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Three key changes for Reform in Public Service Provision

  1. Channel shift – relates to the shift of offline service provision online. The DVLA tax renewal is cited as a prime example of benefits in channel shit (10% of service provision cost, and significantly more efficient process for both the consumer and service provider). Channel shift implies a need to decommission much of the offline channels (to realise savings). Assisted digital transactions through Post Office and library services is certainly an appealing approach to mitigating some of the inherent complexity in maintaining user engagement, particularly where IT literacy skills (or even basic access to resources) is a challenge. There is a recognised need to redesign processes from ‘the outside in’, i.e. simplification, intuitive design, accounting for user feedback and good HCI design methods. Channel shift is therefore not simply a lift and drop of offline to online provision. Services must be derived which are intuitive and this will require substantial process reengineering and consultation.
  2. Mutualisation – Giving groups of public sector workers the right to form mutuals autonomous of, but providing services to the Public Sector. Non-tradable shares in the social enterprise are one pattern that might be successfully employed (i.e. the share in the mutualised entity is only held for the period of employment and is non-transferable). This has led to innovation and motivation boosts and as co-owners there has been a removal of bureaucracy and increase in job satisfaction. Naturally this needs to have a downstream benefit in terms of service provision, although streamlining and the ability to introduce greater innovation is again appealing. My view is that while this is an interesting concept, we need to ensure that fragmentation caused by mutualisation does not lead to inefficiency and reduced service provision.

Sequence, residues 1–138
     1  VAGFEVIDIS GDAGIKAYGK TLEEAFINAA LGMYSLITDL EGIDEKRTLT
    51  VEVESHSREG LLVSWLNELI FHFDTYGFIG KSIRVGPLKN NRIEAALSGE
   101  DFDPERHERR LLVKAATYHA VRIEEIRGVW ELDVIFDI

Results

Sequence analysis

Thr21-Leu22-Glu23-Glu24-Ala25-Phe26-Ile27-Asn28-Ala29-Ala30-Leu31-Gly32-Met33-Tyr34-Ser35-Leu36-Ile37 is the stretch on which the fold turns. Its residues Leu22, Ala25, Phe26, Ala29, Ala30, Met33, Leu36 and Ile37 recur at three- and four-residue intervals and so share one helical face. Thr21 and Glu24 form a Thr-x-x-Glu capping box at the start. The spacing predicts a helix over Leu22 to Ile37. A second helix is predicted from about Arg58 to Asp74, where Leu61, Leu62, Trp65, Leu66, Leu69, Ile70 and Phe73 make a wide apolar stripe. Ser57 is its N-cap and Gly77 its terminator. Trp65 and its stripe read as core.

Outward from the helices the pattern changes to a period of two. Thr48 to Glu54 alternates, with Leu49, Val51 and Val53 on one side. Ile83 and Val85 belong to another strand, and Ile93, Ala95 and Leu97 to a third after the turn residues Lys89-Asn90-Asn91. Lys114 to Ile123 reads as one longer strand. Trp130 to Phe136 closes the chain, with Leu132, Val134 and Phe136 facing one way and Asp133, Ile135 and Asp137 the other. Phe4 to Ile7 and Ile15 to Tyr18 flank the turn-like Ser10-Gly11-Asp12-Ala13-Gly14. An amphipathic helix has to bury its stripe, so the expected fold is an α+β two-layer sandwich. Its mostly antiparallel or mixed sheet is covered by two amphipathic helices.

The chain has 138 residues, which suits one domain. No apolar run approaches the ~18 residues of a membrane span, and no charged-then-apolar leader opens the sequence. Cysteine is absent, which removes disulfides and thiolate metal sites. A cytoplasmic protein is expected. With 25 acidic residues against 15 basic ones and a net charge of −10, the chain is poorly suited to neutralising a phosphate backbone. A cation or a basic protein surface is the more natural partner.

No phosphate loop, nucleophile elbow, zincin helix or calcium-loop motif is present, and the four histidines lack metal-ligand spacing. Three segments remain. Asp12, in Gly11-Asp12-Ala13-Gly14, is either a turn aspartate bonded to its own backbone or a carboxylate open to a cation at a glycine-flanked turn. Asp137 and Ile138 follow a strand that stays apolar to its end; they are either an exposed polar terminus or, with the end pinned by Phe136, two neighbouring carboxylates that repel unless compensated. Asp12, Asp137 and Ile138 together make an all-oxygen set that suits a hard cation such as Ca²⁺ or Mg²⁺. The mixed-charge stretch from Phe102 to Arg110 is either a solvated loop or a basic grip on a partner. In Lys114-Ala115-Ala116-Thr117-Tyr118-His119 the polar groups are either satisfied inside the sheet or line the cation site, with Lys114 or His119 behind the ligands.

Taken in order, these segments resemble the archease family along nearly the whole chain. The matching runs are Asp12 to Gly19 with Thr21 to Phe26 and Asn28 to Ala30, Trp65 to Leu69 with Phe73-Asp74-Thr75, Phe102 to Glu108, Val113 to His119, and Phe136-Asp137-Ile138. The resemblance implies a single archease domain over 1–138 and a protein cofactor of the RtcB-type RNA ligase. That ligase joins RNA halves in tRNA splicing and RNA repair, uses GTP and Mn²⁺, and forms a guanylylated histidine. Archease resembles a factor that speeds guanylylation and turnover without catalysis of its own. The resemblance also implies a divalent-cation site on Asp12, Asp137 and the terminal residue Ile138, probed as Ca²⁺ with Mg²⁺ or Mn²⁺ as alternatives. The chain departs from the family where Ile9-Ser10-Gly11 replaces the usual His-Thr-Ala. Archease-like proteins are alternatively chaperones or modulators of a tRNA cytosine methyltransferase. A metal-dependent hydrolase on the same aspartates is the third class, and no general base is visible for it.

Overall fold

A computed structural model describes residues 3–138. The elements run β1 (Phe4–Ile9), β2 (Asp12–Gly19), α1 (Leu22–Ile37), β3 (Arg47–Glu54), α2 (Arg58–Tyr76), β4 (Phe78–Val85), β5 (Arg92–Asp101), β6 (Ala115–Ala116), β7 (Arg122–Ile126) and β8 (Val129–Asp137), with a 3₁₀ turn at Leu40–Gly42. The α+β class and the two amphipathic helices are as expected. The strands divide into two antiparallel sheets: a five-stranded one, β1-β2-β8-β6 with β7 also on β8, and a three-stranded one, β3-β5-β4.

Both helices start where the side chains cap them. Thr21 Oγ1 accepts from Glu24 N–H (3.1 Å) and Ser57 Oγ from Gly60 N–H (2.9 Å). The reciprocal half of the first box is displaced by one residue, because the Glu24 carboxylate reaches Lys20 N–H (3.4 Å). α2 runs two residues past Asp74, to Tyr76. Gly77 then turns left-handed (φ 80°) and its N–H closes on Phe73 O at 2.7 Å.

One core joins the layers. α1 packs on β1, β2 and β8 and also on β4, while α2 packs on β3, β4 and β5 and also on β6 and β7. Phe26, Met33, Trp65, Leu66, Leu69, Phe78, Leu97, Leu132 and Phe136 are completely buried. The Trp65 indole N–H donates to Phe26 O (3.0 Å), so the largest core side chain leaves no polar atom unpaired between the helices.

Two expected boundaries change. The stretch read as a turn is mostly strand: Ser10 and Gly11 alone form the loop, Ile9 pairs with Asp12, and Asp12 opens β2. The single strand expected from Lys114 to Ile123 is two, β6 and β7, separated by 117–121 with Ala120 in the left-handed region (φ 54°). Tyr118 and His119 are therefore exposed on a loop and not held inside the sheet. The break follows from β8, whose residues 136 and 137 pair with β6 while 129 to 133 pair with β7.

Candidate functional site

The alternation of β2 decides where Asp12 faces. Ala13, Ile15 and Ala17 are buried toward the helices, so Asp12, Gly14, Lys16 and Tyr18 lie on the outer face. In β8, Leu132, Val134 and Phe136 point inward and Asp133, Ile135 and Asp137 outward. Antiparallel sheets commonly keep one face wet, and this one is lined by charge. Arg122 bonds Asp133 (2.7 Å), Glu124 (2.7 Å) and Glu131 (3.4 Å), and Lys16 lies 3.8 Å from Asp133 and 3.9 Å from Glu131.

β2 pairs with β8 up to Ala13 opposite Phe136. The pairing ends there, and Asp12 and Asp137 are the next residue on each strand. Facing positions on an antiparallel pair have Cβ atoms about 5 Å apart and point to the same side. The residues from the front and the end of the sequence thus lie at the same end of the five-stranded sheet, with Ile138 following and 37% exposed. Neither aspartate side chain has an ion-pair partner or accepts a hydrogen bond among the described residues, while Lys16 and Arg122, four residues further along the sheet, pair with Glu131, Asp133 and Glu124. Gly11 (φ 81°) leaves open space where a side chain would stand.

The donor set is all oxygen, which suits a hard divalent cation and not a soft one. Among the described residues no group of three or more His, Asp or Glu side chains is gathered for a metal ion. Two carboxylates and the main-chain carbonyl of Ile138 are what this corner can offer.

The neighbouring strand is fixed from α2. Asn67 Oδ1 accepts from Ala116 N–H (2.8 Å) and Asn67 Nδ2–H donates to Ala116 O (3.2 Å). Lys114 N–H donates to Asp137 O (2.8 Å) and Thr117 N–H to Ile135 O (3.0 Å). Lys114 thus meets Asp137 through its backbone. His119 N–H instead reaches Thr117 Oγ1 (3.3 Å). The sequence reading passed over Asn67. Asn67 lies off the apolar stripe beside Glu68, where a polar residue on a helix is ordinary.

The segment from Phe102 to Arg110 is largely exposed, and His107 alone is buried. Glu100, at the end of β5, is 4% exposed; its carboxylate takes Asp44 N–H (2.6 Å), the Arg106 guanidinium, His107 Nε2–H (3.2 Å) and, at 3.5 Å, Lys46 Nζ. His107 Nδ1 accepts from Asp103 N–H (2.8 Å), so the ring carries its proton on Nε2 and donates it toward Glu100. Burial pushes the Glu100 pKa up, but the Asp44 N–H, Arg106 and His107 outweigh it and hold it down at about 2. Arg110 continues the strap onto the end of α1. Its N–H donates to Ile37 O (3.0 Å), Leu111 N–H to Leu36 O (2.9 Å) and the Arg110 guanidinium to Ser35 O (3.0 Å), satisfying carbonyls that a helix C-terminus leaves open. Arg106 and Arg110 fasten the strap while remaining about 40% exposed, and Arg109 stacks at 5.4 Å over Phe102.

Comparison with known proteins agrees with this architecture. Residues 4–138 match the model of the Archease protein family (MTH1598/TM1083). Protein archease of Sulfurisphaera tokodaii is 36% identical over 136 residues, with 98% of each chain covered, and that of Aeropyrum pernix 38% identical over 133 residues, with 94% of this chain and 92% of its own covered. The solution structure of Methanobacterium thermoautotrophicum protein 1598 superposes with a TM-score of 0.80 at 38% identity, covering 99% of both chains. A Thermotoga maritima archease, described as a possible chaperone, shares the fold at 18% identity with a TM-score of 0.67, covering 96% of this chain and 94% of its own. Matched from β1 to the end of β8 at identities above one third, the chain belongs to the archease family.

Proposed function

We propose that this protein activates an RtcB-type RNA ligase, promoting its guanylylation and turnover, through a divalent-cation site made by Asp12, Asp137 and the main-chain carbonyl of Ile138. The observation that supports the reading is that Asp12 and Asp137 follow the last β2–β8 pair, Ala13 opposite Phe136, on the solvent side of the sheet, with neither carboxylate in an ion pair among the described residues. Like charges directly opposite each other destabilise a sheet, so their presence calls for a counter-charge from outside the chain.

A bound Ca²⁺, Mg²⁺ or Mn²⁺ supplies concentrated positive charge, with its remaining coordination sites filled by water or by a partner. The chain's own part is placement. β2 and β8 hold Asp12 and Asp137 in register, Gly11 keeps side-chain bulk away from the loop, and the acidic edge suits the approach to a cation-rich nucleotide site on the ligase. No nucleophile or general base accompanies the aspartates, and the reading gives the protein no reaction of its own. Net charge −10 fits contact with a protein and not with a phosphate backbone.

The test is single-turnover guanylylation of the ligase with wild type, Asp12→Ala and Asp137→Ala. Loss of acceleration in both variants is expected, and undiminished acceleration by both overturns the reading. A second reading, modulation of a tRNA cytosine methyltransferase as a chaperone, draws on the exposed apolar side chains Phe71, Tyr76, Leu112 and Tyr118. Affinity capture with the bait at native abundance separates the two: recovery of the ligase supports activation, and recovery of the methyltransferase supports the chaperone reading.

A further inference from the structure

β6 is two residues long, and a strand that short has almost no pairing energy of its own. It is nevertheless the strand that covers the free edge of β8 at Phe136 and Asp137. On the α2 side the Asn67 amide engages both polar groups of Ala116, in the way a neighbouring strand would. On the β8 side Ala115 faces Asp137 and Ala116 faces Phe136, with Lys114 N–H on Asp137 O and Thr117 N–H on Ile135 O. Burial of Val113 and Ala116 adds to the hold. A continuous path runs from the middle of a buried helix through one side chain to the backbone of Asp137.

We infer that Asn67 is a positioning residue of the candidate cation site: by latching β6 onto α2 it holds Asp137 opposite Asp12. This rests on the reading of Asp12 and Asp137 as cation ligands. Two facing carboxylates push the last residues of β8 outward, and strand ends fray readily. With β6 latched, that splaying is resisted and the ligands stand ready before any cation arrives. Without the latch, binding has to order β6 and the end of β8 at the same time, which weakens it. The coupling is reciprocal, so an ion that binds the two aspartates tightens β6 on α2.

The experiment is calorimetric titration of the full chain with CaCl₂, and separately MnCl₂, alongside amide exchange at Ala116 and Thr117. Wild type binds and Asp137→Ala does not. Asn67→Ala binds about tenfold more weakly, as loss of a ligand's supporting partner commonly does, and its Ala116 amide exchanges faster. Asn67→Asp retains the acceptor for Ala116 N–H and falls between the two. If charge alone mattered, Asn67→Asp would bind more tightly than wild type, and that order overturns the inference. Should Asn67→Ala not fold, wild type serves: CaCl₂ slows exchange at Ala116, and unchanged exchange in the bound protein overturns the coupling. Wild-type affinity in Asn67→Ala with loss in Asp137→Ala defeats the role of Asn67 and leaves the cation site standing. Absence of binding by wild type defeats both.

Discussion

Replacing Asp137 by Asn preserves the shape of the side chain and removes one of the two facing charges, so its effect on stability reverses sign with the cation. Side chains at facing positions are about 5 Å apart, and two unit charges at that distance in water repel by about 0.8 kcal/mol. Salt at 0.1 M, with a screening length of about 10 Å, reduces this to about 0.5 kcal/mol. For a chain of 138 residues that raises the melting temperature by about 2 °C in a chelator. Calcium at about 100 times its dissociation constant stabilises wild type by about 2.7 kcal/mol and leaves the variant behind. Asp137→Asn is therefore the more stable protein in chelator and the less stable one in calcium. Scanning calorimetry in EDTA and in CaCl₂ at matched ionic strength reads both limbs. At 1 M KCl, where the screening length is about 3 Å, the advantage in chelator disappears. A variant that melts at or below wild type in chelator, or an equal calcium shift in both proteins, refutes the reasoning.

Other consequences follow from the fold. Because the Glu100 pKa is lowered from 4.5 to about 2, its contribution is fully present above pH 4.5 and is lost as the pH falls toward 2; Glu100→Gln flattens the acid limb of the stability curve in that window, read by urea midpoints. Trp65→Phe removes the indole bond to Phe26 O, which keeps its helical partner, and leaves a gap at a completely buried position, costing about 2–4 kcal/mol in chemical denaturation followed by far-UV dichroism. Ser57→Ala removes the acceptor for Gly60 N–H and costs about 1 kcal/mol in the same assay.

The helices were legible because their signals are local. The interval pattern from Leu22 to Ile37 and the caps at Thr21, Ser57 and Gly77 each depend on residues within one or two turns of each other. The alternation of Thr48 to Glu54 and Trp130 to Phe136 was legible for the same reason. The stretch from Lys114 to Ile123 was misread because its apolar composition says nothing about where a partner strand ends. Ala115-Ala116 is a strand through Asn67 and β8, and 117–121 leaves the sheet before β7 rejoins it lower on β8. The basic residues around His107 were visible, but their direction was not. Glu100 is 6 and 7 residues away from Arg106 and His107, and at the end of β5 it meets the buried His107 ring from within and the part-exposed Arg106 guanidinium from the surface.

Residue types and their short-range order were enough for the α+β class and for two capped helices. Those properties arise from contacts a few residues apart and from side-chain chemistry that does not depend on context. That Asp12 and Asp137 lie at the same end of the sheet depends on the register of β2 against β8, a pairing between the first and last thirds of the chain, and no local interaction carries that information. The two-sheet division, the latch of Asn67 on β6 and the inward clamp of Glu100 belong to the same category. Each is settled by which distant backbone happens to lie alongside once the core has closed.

3. Payment by results – this is very similar to ‘outcome based’ contracting. Maude cites the Work Programme as a key example, and indeed the commercial model around Work Programme will be outcome driven and incentivised by private sector innovation and delivery excellence. Moving away from cumbersome risk averse procurement and requirements specification is also a noble goal. The burdensome pre-qualification mechanisms price out smaller providers, daunted by procedural complexity. Enlarging the scope for participation and development of competitive market to empower smaller organisations and 3rd sector providers will yield benefits. There does however need to be a social investment market, and reference is made to the development of the Big Society Bank in terms of providing the necessary level of financial assistance to organisations which cannot afford wholly outcome based commercial models.

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Public Service Reform is entering an exciting phase. Efficient delivery of centralised services, with HMG focusing increasingly on systems reuse and the purchasing and negotiation power of a ‘single customer’ makes perfect sense.

To create space for the innovation needed to bolster private and 3rd sector service provision within a wider Big Society context, we await the Localisation Bill and further details of the Big Society Bank.

Government must continue to strive to simplify procurement and pre-qualification, challenging risk aversion and stimulating more outcome focused agile delivery. Channel shift is a key enabler, but solutions must be in place through assisted digital transactions and process re-engineering to ensure full citizen engagement across the ‘capability spectrum’.

RSA Public Services Summit

VIDEO: Rt Hon Francis Maude MP, Minister for the Cabinet Office and Paymaster General, speaks at the 2020/RSA Public Services Summit. Lord Geoffrey Filkin from the 2020 Public Services Trust chaired the session.

Further Reading on the Public Sector and Public Services

By Steve Nimmons

Steve is a Certified European Engineer, Chartered Engineer, Chartered Fellow of the British Computer Society, Fellow of the Institution of Engineering and Technology, Royal Society of Arts, Linnean Society and Society of Antiquaries of Scotland. He is an Electric Circle Patron of the Royal Institution of Great Britain, a Liveryman and Freeman of London and serves on numerous industry panels. He is a member of Chatham House, the Royal United Services Institute and the Chartered Institute of Journalists.